// Clean up and recreate the output directory

  // Read the raw js and generate the bytecode
  const code = fs.readFileSync(path.resolve(inputPath, 'main.js'));
  fs.writeFileSync(path.resolve(outputPath, 'main.bin'), compile(code));

  // Launches a browser window for compiling the bytecode of the renderer process
  await launchRenderer();

async function launchRenderer() {
  await app.whenReady();

  const win = new BrowserWindow({
    webPreferences: {
      // We use preload to execute JS in the renderer, so we don't need an HTML file.
      preload: path.resolve(__dirname, './electron-renderer.js'),
      enableRemoteModule: true.nodeIntegration: true,}}); win.loadURL('about:blank');;

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// This file is run in a browser window created by electorn main.js.

const fs = require('fs')
const path = require('path')
const { remote } = require('electron')
const { compile } = require('./bytecode');

async function main() {
  const inputPath = path.resolve(__dirname, 'input')
  const outputPath = path.resolve(__dirname, 'output')

  const code = fs.readFileSync(path.resolve(inputPath, 'renderer.js'))
  fs.writeFileSync(path.resolve(outputPath, `renderer.bin`), compile(code));

// Close the browser window to inform the main process that compilation is complete
main().then(() = > remote.getCurrentWindow().close())
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Next we need to implement bytecode.js, which is the logic for compiling bytecodes:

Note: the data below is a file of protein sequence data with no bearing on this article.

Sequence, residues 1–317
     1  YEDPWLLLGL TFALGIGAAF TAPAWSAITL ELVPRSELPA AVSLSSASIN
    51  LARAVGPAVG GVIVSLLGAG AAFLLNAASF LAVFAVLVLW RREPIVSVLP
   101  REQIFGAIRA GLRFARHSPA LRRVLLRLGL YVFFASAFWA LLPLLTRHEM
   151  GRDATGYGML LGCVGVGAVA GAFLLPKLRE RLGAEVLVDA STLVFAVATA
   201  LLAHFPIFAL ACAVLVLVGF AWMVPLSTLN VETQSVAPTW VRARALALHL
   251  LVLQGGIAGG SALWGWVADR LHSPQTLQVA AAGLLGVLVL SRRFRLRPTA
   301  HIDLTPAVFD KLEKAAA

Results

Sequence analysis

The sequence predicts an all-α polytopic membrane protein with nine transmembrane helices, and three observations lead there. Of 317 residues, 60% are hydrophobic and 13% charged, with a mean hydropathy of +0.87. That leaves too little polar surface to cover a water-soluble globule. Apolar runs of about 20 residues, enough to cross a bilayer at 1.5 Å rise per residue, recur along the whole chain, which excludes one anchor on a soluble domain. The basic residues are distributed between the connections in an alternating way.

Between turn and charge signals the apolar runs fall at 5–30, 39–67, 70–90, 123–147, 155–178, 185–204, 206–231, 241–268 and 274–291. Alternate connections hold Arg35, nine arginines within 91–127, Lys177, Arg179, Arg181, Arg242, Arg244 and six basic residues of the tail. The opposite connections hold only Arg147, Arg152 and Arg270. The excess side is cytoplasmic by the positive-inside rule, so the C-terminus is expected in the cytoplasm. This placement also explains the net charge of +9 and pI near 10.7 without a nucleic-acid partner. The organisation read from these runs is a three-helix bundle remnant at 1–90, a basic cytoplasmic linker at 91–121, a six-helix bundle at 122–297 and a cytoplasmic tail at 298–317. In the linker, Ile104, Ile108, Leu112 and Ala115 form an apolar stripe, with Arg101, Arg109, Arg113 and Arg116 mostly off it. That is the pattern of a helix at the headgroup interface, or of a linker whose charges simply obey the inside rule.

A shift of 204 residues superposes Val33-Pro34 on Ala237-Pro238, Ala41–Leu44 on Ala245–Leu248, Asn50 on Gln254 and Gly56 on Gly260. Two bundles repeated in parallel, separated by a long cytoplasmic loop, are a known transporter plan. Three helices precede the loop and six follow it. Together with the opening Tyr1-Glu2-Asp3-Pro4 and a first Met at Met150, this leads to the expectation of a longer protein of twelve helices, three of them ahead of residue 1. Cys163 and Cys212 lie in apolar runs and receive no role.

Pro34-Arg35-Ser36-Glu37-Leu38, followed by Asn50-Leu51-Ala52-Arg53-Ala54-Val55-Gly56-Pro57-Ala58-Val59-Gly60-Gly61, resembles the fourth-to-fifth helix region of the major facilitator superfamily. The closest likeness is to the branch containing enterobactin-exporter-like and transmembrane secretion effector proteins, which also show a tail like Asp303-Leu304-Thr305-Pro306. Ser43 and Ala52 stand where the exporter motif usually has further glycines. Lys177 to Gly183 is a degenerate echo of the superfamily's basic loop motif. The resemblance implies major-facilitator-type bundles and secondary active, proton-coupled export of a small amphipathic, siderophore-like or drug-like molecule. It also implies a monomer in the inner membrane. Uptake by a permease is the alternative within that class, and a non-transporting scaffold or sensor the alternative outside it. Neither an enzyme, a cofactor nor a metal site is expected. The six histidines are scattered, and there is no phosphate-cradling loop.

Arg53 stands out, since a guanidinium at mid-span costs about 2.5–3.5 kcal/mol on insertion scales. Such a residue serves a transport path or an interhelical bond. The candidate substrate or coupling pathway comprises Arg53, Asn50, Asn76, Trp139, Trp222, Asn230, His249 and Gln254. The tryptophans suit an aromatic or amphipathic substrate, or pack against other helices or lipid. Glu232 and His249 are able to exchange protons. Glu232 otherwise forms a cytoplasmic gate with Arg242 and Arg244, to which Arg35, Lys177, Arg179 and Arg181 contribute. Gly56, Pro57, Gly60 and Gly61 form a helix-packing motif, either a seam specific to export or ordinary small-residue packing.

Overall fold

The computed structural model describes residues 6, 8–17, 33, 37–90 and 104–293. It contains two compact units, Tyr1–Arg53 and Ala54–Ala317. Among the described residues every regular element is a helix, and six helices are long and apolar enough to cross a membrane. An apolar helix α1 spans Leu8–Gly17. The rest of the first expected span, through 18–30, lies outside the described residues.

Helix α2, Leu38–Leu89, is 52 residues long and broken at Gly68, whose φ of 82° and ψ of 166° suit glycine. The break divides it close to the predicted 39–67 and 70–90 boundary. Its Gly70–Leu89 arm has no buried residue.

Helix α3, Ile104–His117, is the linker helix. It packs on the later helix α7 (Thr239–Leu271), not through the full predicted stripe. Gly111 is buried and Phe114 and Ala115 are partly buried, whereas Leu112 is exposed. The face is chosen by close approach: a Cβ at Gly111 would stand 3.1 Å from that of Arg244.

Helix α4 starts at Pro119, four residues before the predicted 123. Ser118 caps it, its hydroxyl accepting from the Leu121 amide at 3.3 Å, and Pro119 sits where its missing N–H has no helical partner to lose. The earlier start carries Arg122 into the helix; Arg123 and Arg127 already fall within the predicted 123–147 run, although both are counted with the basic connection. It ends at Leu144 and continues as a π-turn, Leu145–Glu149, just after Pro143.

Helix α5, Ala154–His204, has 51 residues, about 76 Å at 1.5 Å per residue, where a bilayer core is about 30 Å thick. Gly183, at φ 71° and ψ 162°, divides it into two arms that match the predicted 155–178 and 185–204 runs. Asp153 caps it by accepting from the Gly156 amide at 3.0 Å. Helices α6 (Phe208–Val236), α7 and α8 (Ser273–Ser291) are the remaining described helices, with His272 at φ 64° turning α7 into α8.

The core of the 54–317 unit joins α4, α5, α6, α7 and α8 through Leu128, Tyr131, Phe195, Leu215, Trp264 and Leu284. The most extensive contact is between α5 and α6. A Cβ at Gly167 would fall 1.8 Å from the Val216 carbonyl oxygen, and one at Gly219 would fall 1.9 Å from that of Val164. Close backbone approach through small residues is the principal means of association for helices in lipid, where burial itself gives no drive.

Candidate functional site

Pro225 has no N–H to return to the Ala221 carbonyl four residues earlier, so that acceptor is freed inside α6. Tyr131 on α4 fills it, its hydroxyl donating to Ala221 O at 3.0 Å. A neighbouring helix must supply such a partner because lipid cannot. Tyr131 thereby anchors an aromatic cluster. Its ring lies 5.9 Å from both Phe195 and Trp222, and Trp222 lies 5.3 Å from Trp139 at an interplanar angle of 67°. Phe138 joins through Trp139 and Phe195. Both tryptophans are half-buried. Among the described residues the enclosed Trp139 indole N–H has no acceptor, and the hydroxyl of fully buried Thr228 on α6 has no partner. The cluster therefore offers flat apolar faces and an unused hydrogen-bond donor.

const vm = require('vm');
const v8 = require('v8');

// These two parameters are very important to ensure that the bytecode can be run.

function encode(buf) {
  // Here we can do some obfuscation logic, such as xor.
  return > b ^ 12345);

exports.compile = function compile(code) {
  const script = new vm.Script(code);
  const raw = script.createCachedData();
  return encode(raw);
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About confusion: In order not to affect the startup speed of the application, it is not recommended to use AES encryption algorithm. Because even with AES, bytecode build artifacts can be retrieved in various ways (in-memory Dump, Hook, etc.). Bytecodes are obfuscated to mention the cost of decryption and to avoid the possibility of extracting constants directly from Node Addon Binary data.

With the above files in place, we can compile bytecode for main.js and renderer.js in the input folder directly using the electron./electron-main.js command. The product will be generated in the Output folder.

A visible BrowserWindow is created at compile time. If you do not want it to be visible, set the creation BrowserWindow parameter to hide: True.

Encapsulation Native Addon

We used Rust to develop Node Addon.